As songwriters, we all know who the hot/marquis writers are. We hear their songs on the radio, meet them at music conferences and, in some cases, came up with them from when they were “nobody.” The unwritten rule I’ve observed is that it’s better to be asked to co-write by a more established/successful writer than it is to ask them to co-write yourself. If your personality is such that you just can’t wait for that to happen, my recommendation is that you should ask once, politely and don’t take it personally if the writer isn’t interested or doesn’t have time. It’s abundantly clear what you, as the less experienced/successful writer, stand to gain from the collaboration but it’s up to the more successful writer to decide if your talent, motivation and, yes, connections warrant them taking the time to collaborate with you. It’s simply the law of the jungle. Hopefully, you’ll be in a position to write with a less experienced/successful writer yourself one day and you’ll treat that writer exactly as you’d hope to be treated yourself.
This is, of course, not an exhaustive list of co-writing rules but simply a few guidelines to help those new to the game to understand it a bit better. The best kinds of co-writes are the ones where both collaborators feel like they’ve written something better than either could have written alone.
Cliff Goldmacher is a songwriter, producer, session musician, engineer, author and owner of recording studios in Nashville, TN and Sonoma, CA. Cliff’s site, http://www.EducatedSongwriter.com, is full of resources for the aspiring songwriter including monthly online webinars. Go to http://www.educatedsongwriter.com/webinar/ for the latest schedule.
What happens at the Berkeley Location?
Chapter Manager: Nomi Yah
West Coast Songwriters Berkeley chapter has been hosted for 24 years at the legendary Freight and Salvage. The current location at 2020 Addison street is one of the premier performing venues in the Bay Area, with state of the art Meyers Sound system, new grand piano, and acoustically-designed theater. Located in the Theater District across from Berkeley Jazz School and Berkeley Repertory Theater, surrounded restaurants and bars, around the corner from downtown Berkeley BART station, walking distance from UC Berkeley campus and Berkeley High School.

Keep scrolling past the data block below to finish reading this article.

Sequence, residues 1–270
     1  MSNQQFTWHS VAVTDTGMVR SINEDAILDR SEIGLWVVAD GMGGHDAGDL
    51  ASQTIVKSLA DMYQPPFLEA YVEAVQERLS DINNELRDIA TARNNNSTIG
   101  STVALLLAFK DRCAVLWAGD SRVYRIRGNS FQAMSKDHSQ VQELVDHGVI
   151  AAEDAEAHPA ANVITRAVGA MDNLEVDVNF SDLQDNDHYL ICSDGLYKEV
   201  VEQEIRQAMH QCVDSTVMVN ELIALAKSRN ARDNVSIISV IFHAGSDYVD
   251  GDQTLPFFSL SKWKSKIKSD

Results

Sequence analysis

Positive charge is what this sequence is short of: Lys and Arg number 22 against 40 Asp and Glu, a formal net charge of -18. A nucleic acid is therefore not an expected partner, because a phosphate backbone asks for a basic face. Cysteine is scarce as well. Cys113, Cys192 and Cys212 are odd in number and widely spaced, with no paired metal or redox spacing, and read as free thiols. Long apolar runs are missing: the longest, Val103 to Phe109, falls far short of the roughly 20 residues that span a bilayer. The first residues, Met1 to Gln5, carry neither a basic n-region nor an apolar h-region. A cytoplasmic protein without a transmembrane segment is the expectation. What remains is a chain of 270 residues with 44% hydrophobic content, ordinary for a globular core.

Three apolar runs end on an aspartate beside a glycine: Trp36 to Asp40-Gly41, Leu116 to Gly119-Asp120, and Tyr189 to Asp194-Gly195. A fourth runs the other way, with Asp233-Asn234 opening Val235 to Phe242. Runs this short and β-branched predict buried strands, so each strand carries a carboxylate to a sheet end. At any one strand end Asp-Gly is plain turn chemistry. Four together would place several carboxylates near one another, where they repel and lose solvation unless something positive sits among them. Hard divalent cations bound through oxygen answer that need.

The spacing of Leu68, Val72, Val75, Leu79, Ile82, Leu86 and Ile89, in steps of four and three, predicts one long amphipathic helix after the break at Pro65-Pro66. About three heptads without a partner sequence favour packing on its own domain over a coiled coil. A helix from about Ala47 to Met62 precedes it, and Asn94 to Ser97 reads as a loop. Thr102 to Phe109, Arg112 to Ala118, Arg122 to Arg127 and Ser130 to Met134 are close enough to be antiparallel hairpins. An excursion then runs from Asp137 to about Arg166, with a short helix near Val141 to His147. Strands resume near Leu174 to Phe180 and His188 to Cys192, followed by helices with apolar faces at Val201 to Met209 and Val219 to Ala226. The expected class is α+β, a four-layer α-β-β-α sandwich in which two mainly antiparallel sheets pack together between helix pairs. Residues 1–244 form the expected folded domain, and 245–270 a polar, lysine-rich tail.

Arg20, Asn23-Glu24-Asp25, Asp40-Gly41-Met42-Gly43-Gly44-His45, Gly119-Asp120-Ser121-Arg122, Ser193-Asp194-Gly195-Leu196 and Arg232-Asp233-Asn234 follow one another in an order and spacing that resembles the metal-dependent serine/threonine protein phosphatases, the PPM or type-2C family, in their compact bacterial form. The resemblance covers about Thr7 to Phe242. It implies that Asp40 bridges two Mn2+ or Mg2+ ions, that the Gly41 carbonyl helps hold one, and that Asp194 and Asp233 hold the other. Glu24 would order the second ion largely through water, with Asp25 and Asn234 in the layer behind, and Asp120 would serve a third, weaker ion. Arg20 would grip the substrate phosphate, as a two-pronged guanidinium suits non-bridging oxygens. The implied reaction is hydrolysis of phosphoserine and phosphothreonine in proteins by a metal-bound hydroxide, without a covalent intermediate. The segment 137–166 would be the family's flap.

Because of it’s central location and reputation of the venue, the Berkeley chapter has a wide variety of songwriters performing each month, from teenagers to senior citizens, from emerging talent to seasoned professionals. There are usually 2 or 3 judges from the music industry and these have included Steve Seskin (Grammy-nominated, 7 number 1 hits), Larry Batiste (multi-platinum songwriter, previous president of Grammy Association), Andre Pessis (Grammy winner, 16 hit songs, previous president of Grammy Association), David Sikes (bass player for Boston), Bill Spooner (songwriter and founder of The Tubes), Phil Nudelman (lead singer and guitarist for Foghat), Freddie Stone(songwriter and original member of Sly and the Family Stone), and many others.